Summer is here! And so too are thunderstorms and fireworks—which may cause fear and anxiety with your dog. Those booming fireworks and natural “light shows” may be fun for you to watch, but consider how they affect your four-legged friend.
The humidity builds and by late afternoon the sky darkens, and you can hear rumbling off in the distance. While some dogs may carry on “as usual,” others may hide, bark, or seek comfort from their owners. This year, many large community-based Canada Day and Fourth of July celebrations have been cancelled due to COVID-19, but smaller, private fireworks celebrations may still be in the works. Before you plan a backyard fireworks show, consider that the noise created by fireworks is similar to that created by thunderstorms when they roll through—if your dog fears thunderstorms, chances are he fears fireworks too.
Fear of loud noises is common in dogs and arises from their natural instinct to survive. When they face a threatening situation (strange sound, animal, or person, etc.), fear is nature’s way of protecting them from harm. The dog’s fear alerts him to potential danger and stimulates a “fight or flight” response to keep him safe by either approaching the danger or fleeing from it.
The problem is that some dogs have an excessive fear of thunderstorms or fireworks and develop a phobia. In the case of thunderstorms, these dogs not only react to the noise, but also to lightning, change in barometric pressure, windy conditions, and darkening sky that accompany the rolling and cracking sounds of thunder. When thunder-phobic dogs get really scared, they act out.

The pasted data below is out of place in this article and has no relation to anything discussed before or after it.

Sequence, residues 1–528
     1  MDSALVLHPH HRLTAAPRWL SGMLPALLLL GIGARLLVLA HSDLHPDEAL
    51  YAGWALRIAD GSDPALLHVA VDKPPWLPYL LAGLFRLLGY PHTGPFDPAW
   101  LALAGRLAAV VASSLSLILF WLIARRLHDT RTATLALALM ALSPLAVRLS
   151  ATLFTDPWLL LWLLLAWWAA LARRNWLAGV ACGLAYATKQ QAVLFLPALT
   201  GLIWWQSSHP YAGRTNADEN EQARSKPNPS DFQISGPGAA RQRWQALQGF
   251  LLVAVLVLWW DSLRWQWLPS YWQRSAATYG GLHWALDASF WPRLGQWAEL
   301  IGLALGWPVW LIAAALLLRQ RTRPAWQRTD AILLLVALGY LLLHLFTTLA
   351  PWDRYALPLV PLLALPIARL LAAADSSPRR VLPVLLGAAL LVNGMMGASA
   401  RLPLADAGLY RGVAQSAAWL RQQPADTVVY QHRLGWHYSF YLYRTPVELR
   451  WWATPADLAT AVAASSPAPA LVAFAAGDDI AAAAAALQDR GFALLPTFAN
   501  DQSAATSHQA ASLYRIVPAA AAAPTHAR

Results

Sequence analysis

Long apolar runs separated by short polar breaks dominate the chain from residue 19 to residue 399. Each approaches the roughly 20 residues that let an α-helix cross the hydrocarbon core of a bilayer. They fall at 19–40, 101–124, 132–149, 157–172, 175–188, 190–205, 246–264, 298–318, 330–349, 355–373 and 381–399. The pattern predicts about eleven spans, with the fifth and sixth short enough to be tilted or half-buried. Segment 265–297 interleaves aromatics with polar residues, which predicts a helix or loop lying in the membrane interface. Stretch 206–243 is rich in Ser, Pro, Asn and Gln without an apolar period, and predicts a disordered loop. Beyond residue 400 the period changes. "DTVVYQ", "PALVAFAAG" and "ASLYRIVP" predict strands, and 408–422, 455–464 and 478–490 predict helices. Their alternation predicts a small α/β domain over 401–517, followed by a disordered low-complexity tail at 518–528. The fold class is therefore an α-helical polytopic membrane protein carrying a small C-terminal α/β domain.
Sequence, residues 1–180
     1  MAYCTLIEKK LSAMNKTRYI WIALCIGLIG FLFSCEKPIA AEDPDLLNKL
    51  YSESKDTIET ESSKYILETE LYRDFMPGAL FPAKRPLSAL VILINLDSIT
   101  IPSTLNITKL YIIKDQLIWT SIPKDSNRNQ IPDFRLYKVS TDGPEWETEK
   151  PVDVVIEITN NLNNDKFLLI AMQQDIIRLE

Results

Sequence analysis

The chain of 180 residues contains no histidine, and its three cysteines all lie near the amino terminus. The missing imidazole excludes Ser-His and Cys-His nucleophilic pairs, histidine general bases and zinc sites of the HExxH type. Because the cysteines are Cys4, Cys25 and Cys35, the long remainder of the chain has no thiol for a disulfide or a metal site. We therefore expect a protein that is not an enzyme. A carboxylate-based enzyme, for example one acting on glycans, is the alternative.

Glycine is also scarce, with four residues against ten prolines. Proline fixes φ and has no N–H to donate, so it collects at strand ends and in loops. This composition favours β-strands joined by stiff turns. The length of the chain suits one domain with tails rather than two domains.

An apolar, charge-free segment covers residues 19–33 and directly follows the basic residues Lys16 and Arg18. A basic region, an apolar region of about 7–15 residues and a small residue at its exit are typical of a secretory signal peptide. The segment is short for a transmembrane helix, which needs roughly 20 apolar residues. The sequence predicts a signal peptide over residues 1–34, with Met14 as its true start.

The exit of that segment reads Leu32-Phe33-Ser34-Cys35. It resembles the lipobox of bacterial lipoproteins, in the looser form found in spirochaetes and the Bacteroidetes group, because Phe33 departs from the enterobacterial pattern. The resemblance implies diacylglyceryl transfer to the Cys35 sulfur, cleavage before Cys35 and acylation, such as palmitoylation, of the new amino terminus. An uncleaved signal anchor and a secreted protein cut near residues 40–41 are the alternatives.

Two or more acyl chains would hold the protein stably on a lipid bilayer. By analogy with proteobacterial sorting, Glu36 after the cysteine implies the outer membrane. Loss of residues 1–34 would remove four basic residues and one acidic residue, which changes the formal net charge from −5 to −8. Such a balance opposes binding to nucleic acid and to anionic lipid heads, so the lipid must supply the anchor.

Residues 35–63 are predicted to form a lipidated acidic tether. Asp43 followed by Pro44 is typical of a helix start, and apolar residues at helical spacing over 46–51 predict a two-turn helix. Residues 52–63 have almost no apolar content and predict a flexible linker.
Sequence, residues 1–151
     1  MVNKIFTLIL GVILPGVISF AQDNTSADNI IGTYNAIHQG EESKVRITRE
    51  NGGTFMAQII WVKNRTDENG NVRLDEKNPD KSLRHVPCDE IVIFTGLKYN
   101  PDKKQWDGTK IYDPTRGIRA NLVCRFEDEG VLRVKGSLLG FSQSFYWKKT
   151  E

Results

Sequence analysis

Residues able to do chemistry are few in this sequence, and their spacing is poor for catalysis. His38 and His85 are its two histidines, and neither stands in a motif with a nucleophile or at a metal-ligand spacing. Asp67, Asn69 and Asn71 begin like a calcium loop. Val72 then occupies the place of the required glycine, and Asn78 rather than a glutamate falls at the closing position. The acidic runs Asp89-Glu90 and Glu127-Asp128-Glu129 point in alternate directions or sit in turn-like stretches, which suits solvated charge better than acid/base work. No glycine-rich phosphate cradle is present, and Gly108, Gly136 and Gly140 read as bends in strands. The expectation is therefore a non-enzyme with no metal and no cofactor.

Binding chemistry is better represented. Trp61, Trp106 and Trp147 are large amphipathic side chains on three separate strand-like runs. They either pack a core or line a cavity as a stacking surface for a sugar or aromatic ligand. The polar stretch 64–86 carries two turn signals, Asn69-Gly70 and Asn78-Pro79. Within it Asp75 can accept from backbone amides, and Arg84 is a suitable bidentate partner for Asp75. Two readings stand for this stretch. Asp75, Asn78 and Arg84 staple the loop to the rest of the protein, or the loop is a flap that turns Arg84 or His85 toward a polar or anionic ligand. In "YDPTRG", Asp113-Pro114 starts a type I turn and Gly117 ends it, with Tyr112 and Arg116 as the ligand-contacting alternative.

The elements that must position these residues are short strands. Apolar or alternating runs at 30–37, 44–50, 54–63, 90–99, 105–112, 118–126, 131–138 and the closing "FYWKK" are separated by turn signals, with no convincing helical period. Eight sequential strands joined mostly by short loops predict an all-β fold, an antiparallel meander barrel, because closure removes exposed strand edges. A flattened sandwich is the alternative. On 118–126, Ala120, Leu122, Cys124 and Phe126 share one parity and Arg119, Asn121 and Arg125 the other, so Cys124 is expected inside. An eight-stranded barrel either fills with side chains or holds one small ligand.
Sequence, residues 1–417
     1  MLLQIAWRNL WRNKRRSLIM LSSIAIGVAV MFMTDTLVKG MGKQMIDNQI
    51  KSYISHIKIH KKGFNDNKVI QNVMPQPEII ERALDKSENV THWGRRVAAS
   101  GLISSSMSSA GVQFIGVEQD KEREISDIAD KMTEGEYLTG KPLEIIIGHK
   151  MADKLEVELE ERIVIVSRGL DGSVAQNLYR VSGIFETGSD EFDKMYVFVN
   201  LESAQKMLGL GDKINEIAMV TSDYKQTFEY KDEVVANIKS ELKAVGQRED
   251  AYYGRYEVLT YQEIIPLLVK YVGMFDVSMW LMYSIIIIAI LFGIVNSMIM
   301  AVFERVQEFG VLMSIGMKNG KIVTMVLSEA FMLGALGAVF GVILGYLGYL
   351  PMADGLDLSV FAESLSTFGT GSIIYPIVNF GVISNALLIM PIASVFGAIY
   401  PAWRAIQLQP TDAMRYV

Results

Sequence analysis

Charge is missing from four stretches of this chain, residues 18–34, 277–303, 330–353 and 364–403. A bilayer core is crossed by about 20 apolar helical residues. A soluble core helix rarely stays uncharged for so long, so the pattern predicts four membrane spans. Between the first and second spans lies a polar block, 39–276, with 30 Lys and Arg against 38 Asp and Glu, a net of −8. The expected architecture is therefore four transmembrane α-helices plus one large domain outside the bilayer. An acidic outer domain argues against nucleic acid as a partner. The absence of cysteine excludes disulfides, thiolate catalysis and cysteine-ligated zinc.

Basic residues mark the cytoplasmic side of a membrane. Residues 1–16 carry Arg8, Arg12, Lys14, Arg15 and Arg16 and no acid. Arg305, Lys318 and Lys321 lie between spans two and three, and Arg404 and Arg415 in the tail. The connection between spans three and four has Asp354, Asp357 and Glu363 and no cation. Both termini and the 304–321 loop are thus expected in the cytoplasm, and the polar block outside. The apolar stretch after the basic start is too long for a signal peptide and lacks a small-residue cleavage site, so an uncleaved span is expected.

There are steps you can take to deal with thunderstorm (and fireworks) phobia.
- Accompany your dog to a soundproof room in your home, such as your basement or an interior room that doesn’t have windows. Set up your dog’s bed or crate for comfort.
- Play fetch or tug of war using your dog’s favorite toy.
- Put on the television, radio, or a fan to help block out the noise.
- Try filling a Kong with his favorite treats to keep him preoccupied.
- If your dog enjoys being in his crate, try covering it with blankets to help muffle the noise of the storm or fireworks. This will also prevent him from seeing the light show.
- Some dogs feel secure when placed in a weighted dog vest or anti-anxiety wrap – ask your veterinarian about these options.
- Be sure to follow the above steps when it’s NOT storming or prior to “fireworks season”. This will help your dog become familiar and comfortable with the room/routine, and will help prevent the association of the room to only storms/fireworks.
- Never set fireworks off near your dog – leave him inside if you plan to set off fireworks in your backyard and if your community is still planning large fireworks displays, leave your dog at home.
Start the summer off by preparing your dog for the inevitable storms and fireworks that are sure to be experienced by everyone this summer!